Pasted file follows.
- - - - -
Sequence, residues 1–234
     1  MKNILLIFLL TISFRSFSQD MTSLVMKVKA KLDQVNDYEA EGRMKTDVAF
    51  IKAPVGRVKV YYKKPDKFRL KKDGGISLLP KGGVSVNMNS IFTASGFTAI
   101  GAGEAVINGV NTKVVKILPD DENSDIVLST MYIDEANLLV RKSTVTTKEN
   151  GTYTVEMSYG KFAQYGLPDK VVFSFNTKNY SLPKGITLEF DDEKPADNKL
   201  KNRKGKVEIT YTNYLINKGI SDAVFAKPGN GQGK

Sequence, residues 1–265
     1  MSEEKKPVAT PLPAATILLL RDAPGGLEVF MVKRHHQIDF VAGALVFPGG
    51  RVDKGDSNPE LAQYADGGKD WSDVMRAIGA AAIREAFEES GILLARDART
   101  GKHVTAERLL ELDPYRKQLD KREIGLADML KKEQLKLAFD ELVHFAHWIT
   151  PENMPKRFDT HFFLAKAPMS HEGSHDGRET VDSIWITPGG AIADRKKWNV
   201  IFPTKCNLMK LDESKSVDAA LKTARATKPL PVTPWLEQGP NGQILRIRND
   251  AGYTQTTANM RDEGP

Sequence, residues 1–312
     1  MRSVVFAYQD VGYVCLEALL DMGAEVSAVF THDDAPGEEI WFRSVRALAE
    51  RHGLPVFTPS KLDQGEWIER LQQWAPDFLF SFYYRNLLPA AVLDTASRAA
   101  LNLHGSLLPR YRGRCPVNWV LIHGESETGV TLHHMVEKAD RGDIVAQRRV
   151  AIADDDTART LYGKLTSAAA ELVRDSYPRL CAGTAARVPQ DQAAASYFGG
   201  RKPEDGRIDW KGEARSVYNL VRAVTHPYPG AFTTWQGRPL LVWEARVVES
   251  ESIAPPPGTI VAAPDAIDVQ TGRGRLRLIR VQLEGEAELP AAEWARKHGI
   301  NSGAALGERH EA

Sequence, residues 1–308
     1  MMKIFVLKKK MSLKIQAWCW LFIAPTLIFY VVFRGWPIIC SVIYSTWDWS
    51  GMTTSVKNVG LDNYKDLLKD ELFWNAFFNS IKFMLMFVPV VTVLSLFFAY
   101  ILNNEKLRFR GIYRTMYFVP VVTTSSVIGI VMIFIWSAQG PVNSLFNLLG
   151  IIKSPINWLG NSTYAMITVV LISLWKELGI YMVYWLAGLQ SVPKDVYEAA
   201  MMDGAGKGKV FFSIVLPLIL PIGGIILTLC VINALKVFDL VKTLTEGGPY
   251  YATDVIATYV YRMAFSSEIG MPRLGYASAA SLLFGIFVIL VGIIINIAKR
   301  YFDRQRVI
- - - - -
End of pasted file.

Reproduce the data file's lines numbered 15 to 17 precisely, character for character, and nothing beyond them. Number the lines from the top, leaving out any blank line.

     1  MRSVVFAYQD VGYVCLEALL DMGAEVSAVF THDDAPGEEI WFRSVRALAE
    51  RHGLPVFTPS KLDQGEWIER LQQWAPDFLF SFYYRNLLPA AVLDTASRAA
   101  LNLHGSLLPR YRGRCPVNWV LIHGESETGV TLHHMVEKAD RGDIVAQRRV